• Describing the current workflow of a desktop fabrication procedure, from photographing and digitizing the object of our interest, using proper computer software to extract,modify and bring to a printable format the virtual 3D models, all the way to its live interactive or online exhibition. Suggestions are also made on this workflow as well as basic ways to contribute to the desktop fabrication research in DH contexts.
  • Highlighting the importance of receiving feedback on the relevance of this fabrication on different aspects of Digital Humanities as well as using makerspaces in DH research. The basic elements and characteristics of a makerspace are also identified.
  • pointing out the need of defining optimized techniques in error-correcting 3D models,  attributing the materialized 3D artifacts, enhancing desktop fabrication and others.


To conclude, all the topics discussed above agree to one thing: 3D representation techniques are becoming extremely important in the area of Digital Humanities. Technology provides us with the tools to accurately reconstruct 3D cultural heritage objects, from buildings and cities to sculptures and mechanisms, not only in a virtual environment but in reality too. All these practises make history more tangible and accessible to the general public and to the  DH community. With the right amount of effort and investment in 3D simulation and desktop fabrication, the possibilities are endless.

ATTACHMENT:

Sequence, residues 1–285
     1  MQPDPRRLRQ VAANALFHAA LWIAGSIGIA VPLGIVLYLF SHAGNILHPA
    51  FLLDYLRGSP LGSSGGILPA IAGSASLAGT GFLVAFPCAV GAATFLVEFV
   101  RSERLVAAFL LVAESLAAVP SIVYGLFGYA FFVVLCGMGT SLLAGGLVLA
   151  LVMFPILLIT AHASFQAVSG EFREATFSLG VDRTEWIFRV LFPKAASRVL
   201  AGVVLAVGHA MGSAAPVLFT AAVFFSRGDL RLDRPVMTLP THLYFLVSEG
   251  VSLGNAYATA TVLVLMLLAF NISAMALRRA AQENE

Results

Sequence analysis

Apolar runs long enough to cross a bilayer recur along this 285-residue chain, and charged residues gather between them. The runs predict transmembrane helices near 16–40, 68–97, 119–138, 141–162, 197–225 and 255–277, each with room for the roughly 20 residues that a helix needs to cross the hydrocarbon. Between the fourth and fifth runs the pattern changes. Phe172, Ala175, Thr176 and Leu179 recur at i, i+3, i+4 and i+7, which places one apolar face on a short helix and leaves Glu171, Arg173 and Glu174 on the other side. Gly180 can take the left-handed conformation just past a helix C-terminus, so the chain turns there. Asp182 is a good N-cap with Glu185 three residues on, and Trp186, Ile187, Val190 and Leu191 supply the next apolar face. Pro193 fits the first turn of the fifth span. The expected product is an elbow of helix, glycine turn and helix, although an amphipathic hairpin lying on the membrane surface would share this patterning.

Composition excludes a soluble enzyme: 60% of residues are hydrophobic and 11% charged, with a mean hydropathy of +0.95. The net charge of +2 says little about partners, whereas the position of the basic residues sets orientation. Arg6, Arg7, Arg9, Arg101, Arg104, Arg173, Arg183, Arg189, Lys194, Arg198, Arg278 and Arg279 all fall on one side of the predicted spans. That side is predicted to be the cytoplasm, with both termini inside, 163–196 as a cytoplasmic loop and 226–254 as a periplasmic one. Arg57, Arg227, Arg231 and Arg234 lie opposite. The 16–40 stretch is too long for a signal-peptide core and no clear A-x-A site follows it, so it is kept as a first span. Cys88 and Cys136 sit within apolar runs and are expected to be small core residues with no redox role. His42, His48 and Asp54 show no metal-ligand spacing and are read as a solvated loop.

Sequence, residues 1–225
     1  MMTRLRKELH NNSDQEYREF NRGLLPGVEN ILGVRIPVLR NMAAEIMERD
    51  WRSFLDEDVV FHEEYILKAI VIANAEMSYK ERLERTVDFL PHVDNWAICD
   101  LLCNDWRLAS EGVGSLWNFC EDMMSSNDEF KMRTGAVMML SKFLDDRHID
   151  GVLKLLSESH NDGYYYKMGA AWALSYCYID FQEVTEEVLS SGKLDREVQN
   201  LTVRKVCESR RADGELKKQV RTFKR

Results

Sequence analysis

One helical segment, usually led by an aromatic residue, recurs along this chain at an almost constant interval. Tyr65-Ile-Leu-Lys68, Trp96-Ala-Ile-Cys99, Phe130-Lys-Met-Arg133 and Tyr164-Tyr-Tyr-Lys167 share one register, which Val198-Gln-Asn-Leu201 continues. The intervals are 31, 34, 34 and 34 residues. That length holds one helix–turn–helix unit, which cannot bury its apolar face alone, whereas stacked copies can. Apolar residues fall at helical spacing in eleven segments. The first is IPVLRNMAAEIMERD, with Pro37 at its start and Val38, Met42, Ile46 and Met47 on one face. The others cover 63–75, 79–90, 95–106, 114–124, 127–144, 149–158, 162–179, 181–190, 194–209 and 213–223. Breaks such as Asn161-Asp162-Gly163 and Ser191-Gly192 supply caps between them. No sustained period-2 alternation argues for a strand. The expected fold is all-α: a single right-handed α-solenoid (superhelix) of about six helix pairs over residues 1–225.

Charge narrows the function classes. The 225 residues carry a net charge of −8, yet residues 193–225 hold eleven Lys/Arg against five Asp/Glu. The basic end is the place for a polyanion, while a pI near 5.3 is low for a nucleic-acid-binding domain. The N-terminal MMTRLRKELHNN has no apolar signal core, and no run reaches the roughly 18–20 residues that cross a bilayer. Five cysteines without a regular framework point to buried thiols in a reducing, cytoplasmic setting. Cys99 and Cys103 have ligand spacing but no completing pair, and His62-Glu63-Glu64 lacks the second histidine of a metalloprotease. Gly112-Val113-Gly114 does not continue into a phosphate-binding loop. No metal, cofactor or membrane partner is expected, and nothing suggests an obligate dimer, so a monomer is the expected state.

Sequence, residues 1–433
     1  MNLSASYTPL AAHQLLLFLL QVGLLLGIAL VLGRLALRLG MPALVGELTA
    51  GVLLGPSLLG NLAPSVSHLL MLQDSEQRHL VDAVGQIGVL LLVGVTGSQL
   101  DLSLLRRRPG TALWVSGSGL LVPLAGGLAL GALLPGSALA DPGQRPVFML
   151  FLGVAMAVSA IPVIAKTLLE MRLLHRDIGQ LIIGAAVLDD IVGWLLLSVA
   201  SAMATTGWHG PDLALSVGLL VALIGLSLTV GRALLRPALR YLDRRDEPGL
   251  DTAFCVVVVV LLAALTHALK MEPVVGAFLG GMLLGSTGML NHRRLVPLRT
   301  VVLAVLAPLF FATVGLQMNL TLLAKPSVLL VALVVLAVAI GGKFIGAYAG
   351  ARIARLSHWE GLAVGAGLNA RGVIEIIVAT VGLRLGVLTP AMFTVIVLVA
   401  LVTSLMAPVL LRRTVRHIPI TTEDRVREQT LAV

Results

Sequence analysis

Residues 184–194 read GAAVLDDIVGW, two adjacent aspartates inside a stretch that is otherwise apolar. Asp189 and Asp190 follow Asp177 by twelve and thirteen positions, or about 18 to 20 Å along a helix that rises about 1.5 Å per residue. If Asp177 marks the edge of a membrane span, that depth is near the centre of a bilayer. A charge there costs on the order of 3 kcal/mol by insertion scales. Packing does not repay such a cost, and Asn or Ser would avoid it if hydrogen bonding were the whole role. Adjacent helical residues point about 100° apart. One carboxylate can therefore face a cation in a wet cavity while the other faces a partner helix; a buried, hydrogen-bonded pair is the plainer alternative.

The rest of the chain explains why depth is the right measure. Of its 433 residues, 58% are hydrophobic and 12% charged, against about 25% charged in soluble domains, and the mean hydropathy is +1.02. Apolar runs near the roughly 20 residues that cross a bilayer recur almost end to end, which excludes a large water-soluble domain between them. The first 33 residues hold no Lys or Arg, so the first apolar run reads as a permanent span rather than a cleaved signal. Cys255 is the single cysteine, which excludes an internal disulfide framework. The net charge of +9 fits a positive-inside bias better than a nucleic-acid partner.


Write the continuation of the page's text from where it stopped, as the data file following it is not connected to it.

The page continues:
References :

A Comparative Study of Astronomical Clock towers in Europe and China based on their detailed 3D modeling     Li, Guoqiang; Van Gool, Luc
http://dh2013.unl.edu/abstracts/ab-130.html

A 3D Common Ground: Bringing Humanities Data Together Inside Online Game Engines  Coltrain, James Joel
http://dh2013.unl.edu/abstracts/ab-420.html

Made to Make: Expanding Digital Humanities through Desktop Fabrication            Sayers, Jentery; Boggs, Jeremy; Elliott, Devon; Turkel, William J.
http://dh2013.unl.edu/abstracts/ab-441.html